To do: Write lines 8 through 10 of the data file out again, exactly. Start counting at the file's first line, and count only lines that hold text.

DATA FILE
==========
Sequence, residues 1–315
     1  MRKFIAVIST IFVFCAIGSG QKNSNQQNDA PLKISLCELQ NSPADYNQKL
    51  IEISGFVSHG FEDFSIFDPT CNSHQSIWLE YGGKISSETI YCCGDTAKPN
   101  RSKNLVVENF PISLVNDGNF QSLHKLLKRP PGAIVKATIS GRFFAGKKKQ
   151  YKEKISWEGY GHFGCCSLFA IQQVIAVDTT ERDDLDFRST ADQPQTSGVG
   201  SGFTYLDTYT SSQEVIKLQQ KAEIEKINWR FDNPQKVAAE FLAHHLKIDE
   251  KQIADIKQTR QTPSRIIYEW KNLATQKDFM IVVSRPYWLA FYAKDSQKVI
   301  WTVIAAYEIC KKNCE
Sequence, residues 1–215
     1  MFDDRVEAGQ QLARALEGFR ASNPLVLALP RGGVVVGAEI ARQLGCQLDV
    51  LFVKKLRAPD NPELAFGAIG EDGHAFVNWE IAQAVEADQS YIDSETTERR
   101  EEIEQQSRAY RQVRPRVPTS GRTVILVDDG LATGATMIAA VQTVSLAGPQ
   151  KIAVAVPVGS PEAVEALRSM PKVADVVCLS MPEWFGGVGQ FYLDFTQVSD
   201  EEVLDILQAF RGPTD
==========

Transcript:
   301  WTVIAAYEIC KKNCE
Sequence, residues 1–215
     1  MFDDRVEAGQ QLARALEGFR ASNPLVLALP RGGVVVGAEI ARQLGCQLDV